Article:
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notes on ...

Notes on "You Like Me Too Much"


Notes on ... Series #68 (YLMTM)
  by Alan W. Pollack
       Key: G Major
     Meter: 4/4
      Form: Intro | Verse | Verse | Bridge | Verse | Break (solo) |
                  | Bridge | Verse | Outro (with complete ending)
        CD: "Help!", Track 10 (Parlophone CDP7 46439-2)
  Recorded: 17th February 1965, Abbey Road 2
UK-release: 6th August 1965 (LP "Help!")
US-release: 14th June 1965 (LP "Beatles VI")

General Points of Interest


Style and Form

  Next note George had been granted his first solo shot as a songwriter with "Don't Bother Me" way back on "With The Beatles". Amazingly, he had to wait until this one for a second chance. It's up to the biographers to find out if this was the only other thing he had written since then, or if perhaps there is a plethora of "lost" Harrisongs that have been either supressed, destroyed or are otherwise waiting to be unearthed by the perseveringly enterprising.
  Next note In spite of its superficial resemblances to the songs of Lennon and McCartney which surround it in context, "You Like Me Too Much" contains ample substance which attest to its belonging to George, only; especially in its chord progressions and the attitude of its lyrics.
  Next note The form of the song also contains a number of formalistically distinctive earmarks: the apparently ad-lib/slow intro, the deployment of both a bridge and break, and the subtle manner in which verse and bridge elide with each other in terms of both music and words.

Melody and Harmony

  Next note The entirety of the melody lies within a narrowly constricted range of only six notes; from G only up to E above it. The verse especially has a circular repetitiveness reminiscent of the kind of rut you can wear in a carpet from too much fretful nervous pacing.
  Next note Furthermore, a falling scale fragment permeates the tune as a leitmotif in both verse and bridge. Seemingly by way of contrast, the break uses a chromatic scale fragment which both rises and falls. This chromatic idea also makes unifying appearances at the end of the bridge, as well as in the intro and outro.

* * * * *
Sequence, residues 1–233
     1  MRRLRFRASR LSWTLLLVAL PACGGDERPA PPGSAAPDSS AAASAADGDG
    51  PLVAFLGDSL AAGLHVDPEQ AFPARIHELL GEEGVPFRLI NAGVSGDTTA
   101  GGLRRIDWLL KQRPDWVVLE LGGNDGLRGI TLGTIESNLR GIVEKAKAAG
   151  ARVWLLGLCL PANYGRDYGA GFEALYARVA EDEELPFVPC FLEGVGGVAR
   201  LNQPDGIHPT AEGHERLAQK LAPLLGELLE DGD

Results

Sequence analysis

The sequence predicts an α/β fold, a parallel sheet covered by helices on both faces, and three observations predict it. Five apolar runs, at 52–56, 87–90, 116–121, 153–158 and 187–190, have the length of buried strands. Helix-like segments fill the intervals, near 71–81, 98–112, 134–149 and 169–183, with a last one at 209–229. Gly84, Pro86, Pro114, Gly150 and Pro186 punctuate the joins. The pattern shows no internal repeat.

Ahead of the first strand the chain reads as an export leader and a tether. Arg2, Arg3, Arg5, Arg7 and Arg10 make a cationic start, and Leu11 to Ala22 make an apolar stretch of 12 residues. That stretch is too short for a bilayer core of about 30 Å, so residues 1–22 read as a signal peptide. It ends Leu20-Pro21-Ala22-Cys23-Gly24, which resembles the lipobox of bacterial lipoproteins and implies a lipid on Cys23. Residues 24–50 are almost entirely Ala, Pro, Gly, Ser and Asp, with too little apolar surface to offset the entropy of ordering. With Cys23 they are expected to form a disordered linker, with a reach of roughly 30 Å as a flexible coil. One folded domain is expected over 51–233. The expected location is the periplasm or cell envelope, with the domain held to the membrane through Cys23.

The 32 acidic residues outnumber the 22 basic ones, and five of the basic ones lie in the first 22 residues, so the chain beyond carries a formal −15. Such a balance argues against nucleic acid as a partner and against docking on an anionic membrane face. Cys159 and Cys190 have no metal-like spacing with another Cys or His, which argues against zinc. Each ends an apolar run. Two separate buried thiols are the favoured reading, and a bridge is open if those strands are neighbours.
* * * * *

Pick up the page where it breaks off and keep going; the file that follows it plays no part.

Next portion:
Next note A larger than average number of chords are used here; six out the seven which appear naturally ("diatonically") in the home key (I through vi), plus flat-III, and a couple of secondary dominants (i.e. so-called "V-of ..."s).
  Next note But more so than the variety of chords per se, it is in their unusual sequencing that George's particular style is distinguished. The more typical pop song, whether influenced by blues, rock, folk or whatnot, is dominated by clearly teleological chord progressions that start from (and/or move steadily toward) such harmonically conspicuous goals as the tonic (I) or dominant (V). As a result, progressions which lie along the circle of fifths and involve root movement of a fifth upward or downward also typically predominate.
  Next note In contrast, George demonstrates a predilection for root movements that are stepwise or by thirds. He also likes to defer bringing things to a sense of climax or resolution, and even once he finally reaches the brink of such a payoff, we'll note a tendency for him to step away from it yet one more time; a musical technique and effect which uncannily matches and reflects the strong subtext of vague, ambivalent dissatisfaction which underlies so many of his lyrics.


  Next note The choice of home key and the prominent role of the piano suggest at least a superficial connection between this song and the subject of our previous study, "Tell Me What You See". And indeed, these two songs were recorded at back-to-back sessions.
  Next note The Steinway-reinforced electric piano part provides the song with a rhythmic hook by virtue of its relentless, syncopated accenting of the eighth note in between the second and third beats (on "two-and"). The piano also freely embellishes many of the chords with added sixths and sevenths, lending a sightly jazzy flavor to the backing.
  Next note George is vocally double tracked in unison for start of each verse, with a second harmonizing vocal line (either Paul or George overdubbed) added for the title hook line and continuing through most of the bridge. The harmonization is primarily in parallel thirds though a Beatlesque open fourth occasionally is snuck in (e.g. on the final "you" in each verse).

Section-by-Section Walkthrough



  Next note The intro only seems to be slow and out of tempo as an artifact of there being no percussion back-beat behind it. If you compare it carefully with the outro, in which the virtually identical phrase is recapitulated with back-beat, you'll discover the tempi of the two is quite close, with just a small amount of rubato applied to the intro.
  Next note We start off with a drawn-out six measure phrase in which the home key is clearly defined before the song moves on to deal with less direct chord progressions: